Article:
So Carl, how would you characterize what it was like to work at the bureau, for our listeners that don't have any experience with that? What is it like to work there?
Sure. It's a very mission-oriented organization. Everything that the F.B.I. does is very focused. And there is a strong culture of teamwork and collaboration. In fact, the mission of the F.B.I. is very simple. It's to protect the American people and uphold the Constitution. And that's a concept that is constantly discussed and is sort of at the center of everything that F.B.I. agents do, and everything that the professional staff in the F.B.I. does.

It's a very simple mission. It's what brings the entire workforce together. It's a workforce of about 37,000 people. Thirteen thousand, approximately, are special agents. And all of them are focused on that very critical mission. And there's a very strong sense of camaraderie that I experienced throughout my career.

Everyone was always galvanized around the particular case or investigation that they were working on. And that brought everyone together. And it wasn't just F.B.I. agents and F.B.I. professional staff that worked on these investigations. It was also state and local officers that were brought in on task forces. So there was a strong sense that the entire law enforcement community was focused on whatever investigation you might be working on.

And the F.B.I. does a wide variety of work. Most people think of the F.B.I. as a law enforcement organization that investigates bank robberies and kidnappings and so forth. One thing I didn't know coming into the F.B.I. is that the F.B.I. had a very substantial overseas mission, and did a significant amount of work overseas.

And we have 56 field offices in the United States and about 90 offices overseas. So the bureau has grown into a global law enforcement and intelligence organization. And particularly during the two decades that I was there. So it was a fascinating time to see the organization grow. It was a fascinating time to see the skill sets that the F.B.I. was attracting.

Everything from engineers to lawyers to former law enforcement to former military to folks that were proficient in the cyber world. So a variety of different skill sets. People with very diverse backgrounds who came in and, as I said, focused on one central mission. So it was great to see a diverse group of people come together with a single purpose. And I saw that consistently throughout my career, working cases here in the United States and also working cases overseas.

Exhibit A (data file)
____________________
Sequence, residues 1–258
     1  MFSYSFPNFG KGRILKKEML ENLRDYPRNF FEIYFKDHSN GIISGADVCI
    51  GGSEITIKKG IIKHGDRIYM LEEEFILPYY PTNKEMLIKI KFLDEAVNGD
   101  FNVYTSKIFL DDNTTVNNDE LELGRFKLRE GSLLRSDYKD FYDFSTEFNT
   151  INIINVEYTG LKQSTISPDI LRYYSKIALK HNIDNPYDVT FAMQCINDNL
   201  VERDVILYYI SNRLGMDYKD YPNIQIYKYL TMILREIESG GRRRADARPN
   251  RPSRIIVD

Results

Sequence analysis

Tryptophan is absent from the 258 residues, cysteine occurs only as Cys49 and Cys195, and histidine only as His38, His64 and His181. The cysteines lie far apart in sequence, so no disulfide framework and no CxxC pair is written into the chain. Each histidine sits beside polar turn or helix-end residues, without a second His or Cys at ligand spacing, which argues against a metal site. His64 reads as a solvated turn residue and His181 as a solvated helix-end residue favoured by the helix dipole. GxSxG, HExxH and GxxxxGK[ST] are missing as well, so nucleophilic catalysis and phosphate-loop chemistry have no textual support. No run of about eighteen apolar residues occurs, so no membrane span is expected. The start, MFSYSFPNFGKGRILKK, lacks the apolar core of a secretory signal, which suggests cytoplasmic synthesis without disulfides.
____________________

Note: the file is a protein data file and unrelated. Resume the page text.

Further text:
So Carl, I would assume that you would recommend the bureau as a place for young me and women who want to serve their country.
Without reservation, I think it is a place where a person can put their skills to use with a sense of purpose. And we constantly talk about how fortunate we were to be able to do the work that we did to serve the organization, to serve the country, to serve the American people. And to use our varied skills and experiences to that end. And it is an organization that very much takes its core values seriously.

We believe very much in integrity and compassion, fairness, respect, obviously adheres to the Constitution. And it is a situation where people become intertwined in the fabric of that organization. And so there is a strong esprit de corps, there is a strong allegiance, not just to the organization but to the country.

So the bureau provides young professionals who are trying to decide what to do with the degrees they have, or how to serve, if they want to serve a tremendous opportunity to do that. And often, just as importantly, it is very enjoyable work. It is a lot of fun. It is a lot of fun to do the different types of things that an organization like the F.B.I. puts you in a position to do.
So Carl, just two more questions about the bureau before we jump into substance here. Your recommendation for young men and women to think about the bureau as a place to work without hesitation, that's even true in this political environment in which we live? Still no hesitation?
No hesitation whatsoever. I think when you look at the core mission of the F.B.I., to protect the American people, to uphold the Constitution, whether you're doing that in New York City or Kansas City or Sacramento or Seattle, that mission and that objective is the same.